A Willamette Valley cabinetmaker has fended off write-in challenges from the two major candidates for governor to win the Independent Party nomination during the May primary.
Brownsville resident Patrick Starnes finished with 6,030 votes, compared to 5,793 for Bend Republican Knute Buehler and 2,899 for Democratic Gov. Kate Brown in final but unofficial results, according to Oregon Elections Director Steve Trout.
Starnes handily beat the other two Independent Party candidates listed on the primary ballot — in large part because he was the only one who ponied up $3,000 to appear in the Oregon Voters’ Pamphlet.
But Starnes said he could tell that Buehler and Brown were both competing hard for the nomination. He said he saw mailers, Facebook ads and texts urging Independent voters to write in either Brown or Buehler. Under Oregon law, candidates are allowed to win the cross-nomination from parties other than their own and to include that information on the ballot.
The Buehler campaign appeared to put the most effort into winning the Independent Party nomination. The state representative sent out a half-dozen mailers to Independent voters and emphasized that he had won the party’s nomination in his two legislative races.
The nomination would have given Buehler the opportunity to add the Independent label on his ballot, something his campaign strategists thought would have been valuable in attracting unaffiliated voters. It also would have meant that there was no separate candidate from the Independent Party on the ballot siphoning off anti-Brown votes that Buehler hopes to win.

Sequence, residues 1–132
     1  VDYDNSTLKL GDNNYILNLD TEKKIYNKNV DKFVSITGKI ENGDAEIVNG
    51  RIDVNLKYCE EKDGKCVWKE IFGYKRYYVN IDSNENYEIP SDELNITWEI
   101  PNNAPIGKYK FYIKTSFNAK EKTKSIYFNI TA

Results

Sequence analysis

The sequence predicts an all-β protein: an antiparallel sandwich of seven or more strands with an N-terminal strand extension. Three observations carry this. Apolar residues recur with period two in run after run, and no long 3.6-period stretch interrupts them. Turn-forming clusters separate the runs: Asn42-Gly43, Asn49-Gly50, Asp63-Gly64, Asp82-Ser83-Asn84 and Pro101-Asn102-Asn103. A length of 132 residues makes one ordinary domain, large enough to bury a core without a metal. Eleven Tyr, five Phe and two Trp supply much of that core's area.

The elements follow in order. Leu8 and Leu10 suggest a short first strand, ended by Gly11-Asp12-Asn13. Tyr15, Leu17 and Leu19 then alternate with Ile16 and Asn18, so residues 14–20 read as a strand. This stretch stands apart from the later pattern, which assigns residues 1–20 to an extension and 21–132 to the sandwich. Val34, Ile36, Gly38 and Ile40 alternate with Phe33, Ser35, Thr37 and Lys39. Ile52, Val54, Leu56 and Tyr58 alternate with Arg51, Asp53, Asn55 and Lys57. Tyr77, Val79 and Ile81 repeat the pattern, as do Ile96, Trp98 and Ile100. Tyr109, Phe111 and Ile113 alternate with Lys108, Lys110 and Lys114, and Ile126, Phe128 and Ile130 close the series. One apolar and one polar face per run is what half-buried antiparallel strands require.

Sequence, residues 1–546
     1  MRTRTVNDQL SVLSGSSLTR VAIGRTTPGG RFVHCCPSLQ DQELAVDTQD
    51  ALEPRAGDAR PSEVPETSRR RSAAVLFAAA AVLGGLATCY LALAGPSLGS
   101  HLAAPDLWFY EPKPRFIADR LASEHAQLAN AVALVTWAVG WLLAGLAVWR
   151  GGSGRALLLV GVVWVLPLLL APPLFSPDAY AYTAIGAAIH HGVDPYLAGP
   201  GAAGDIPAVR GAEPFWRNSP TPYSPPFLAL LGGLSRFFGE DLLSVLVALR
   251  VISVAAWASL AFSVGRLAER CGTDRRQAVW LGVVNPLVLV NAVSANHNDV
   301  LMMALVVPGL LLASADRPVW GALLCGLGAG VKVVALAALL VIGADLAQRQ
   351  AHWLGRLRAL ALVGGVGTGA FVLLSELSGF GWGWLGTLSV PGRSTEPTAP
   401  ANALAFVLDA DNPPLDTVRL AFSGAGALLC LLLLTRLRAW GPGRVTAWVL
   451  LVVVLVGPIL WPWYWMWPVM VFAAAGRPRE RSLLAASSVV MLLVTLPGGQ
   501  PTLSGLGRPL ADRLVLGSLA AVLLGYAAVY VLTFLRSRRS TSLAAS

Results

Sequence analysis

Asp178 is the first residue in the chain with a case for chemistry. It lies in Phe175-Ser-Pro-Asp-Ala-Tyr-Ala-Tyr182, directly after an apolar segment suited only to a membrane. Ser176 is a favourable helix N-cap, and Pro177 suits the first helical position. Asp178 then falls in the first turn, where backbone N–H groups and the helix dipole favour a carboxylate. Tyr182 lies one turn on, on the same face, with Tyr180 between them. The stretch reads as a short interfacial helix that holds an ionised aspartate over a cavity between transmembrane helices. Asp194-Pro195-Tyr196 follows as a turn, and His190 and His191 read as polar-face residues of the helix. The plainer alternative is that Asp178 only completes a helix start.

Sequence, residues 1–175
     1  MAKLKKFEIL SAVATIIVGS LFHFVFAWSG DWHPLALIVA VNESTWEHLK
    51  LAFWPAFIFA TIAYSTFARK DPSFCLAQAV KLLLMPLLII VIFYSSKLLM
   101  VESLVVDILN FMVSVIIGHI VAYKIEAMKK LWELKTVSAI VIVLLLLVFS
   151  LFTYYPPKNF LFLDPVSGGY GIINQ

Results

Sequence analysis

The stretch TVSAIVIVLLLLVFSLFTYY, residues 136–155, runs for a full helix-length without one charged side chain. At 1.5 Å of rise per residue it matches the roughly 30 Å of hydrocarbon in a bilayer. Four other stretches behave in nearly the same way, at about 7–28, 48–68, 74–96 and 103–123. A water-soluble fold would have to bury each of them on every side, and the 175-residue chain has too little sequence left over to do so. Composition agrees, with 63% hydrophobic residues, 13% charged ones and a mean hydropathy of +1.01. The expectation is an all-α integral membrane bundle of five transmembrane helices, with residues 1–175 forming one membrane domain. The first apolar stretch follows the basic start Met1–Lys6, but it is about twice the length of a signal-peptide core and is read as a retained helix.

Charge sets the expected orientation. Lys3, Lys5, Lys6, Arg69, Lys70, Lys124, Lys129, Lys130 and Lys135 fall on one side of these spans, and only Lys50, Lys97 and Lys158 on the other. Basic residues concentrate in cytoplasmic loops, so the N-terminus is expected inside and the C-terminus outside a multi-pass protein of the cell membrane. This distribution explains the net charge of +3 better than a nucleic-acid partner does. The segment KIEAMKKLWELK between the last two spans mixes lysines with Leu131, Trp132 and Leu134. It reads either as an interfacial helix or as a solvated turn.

Starnes, 56, said he is self-employed and will have the time to campaign around the state.
“We’re going to make the November election a referendum on campaign finance reform,” he said, arguing that Oregon should put strict limits on the flow of big money into politics.
Starnes has served on two school boards, the McKenzie School District and the Douglas Education Service District. Since he’s self-employed, Starnes said he plans to campaign full-time and will try to get in as many debates and joint appearances as possible.
Campaign aides to Buehler and Brown said they haven’t yet focused on the issue of including third-party candidates in the debates. But there was progress Wednesday on finalizing debates among the two.
The Brown and Buehler campaigns each said their candidate will participate in a Medford debate held by KOBI in early October and a Portland debate on KGW later in that month. They’ve also both said they want to participate in a debate sponsored by Children First for Oregon that would feature “kids and youths asking the questions,” according to the group’s website.
Tonia Hunt, executive director of Children First, said she is working with KOIN and Pamplin Media on the details and is confident the debate will be held — and televised — in September or October.
Buehler issued a statement Wednesday, saying he has accepted five debate offers and would like to do as many as 10 during the fall campaign.
Brown last month said she wanted to participate in three televised debates. In addition, she said she would participate in joint appearances with the Pamplin Media and Willamette Week editorial boards, as well as with as many other independent media outlets as possible.